Vets have joined Sheffield, Rotherham and Doncaster councils in a campaign to persuade owners not to smoke near their pets.

Pets are at even greater risk from owners smoking around them than humans, according to research by the University of Glasgow. Image:

The campaign urges smokers to keep their homes smoke-free to help keep pets fit and well.

According to research by the University of Glasgow, pets are at even greater risk from owners smoking around them than humans because they spend more time in the home and are usually closer to carpets, where cancer-causing particles can linger.

All pets at risk

The research showed animals exposed to second hand smoke went on to develop a host of health problems, including cancer, cell damage and weight gain.

Cats are particularly at risk from second hand smoke, potentially due to extensive self-grooming, but all pets can be affected.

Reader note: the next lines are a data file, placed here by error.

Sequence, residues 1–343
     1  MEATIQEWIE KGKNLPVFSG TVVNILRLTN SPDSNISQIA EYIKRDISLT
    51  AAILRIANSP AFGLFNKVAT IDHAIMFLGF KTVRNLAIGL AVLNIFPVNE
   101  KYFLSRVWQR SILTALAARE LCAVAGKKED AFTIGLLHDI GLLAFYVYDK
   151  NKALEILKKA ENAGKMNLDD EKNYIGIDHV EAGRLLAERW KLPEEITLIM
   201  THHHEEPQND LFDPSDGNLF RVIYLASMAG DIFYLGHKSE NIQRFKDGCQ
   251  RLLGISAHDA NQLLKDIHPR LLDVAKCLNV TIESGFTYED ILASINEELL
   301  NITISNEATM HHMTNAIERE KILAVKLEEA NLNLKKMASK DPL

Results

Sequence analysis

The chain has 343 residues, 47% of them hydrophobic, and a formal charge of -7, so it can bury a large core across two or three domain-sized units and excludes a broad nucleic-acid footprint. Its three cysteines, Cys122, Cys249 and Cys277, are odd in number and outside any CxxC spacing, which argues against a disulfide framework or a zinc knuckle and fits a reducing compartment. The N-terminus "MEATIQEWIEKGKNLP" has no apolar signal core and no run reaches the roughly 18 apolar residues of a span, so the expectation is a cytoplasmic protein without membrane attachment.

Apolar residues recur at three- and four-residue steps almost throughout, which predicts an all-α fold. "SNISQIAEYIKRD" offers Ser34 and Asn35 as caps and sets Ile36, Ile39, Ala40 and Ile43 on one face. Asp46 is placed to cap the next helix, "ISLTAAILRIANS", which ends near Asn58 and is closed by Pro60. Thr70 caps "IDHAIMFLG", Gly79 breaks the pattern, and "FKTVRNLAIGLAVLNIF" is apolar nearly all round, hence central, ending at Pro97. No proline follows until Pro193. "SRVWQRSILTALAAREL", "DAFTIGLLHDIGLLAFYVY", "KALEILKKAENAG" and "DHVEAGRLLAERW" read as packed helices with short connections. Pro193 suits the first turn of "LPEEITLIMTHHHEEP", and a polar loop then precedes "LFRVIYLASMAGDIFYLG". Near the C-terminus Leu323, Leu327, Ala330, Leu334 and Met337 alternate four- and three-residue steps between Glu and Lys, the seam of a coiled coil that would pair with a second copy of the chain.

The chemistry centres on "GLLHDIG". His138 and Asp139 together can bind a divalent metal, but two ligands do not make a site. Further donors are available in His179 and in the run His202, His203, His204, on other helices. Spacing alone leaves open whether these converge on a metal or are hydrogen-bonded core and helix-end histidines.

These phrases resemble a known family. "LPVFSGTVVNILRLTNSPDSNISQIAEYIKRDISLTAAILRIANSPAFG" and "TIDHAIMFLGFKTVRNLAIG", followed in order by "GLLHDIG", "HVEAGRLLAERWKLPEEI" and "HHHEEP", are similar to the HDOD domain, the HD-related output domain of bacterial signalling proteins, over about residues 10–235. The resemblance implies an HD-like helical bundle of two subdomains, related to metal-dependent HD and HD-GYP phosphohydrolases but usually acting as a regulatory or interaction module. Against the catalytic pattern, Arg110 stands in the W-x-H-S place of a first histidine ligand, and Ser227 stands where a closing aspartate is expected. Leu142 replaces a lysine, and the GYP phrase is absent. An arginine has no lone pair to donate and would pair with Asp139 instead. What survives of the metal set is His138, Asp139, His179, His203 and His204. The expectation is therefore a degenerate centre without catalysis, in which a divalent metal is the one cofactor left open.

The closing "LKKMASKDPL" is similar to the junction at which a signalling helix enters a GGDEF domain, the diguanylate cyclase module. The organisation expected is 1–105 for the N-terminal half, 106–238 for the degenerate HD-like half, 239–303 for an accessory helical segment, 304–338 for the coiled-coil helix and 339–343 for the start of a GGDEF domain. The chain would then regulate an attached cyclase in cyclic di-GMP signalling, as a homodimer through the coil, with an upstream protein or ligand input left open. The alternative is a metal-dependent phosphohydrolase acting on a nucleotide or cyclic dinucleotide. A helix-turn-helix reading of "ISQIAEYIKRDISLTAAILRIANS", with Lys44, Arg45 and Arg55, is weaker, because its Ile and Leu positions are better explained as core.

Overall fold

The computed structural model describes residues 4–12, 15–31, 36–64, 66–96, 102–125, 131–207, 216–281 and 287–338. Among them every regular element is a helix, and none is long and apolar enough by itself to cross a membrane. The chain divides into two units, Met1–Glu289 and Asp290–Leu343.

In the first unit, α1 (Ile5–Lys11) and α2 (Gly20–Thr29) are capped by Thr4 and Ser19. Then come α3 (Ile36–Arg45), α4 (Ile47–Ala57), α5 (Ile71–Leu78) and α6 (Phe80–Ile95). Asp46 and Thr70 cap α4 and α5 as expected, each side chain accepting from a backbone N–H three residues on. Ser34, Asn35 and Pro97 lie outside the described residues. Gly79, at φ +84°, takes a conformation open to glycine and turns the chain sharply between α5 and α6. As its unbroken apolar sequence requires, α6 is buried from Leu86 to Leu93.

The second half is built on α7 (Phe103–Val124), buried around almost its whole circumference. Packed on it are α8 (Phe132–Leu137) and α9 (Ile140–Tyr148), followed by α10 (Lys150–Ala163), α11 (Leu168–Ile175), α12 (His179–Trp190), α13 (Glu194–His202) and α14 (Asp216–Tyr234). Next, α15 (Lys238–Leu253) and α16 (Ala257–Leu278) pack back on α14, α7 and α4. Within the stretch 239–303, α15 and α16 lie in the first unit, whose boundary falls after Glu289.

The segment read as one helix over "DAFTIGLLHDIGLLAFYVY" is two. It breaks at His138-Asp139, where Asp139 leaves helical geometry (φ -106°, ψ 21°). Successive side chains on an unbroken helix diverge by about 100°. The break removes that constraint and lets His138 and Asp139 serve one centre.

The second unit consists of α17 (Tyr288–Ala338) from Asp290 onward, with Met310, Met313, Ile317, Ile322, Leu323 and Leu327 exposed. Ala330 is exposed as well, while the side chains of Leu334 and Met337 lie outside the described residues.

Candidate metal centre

Doncaster’s cabinet member for public health and well-being councillor Pat Knight said: “Many people are already aware of the risks of second hand smoke when it comes to babies and young children, while pet owners are often surprised animals can be harmed too.”

Veterinary support

Vet Phil Tricklebank of Hallam Veterinary Centre in Sheffield is one of the vets supporting the campaign.

He said: “I have seen many cases of chronic bronchitis in dogs and feline asthma in cats, which can often be aggravated by exposure to second hand smoke. I would urge all animal lovers not to smoke around their pets.”

As part of a wider campaign to combat the harmful effects of second hand smoke, the South Yorkshire public is being urged to sign a pledge to make their homes and cars smoke-free at

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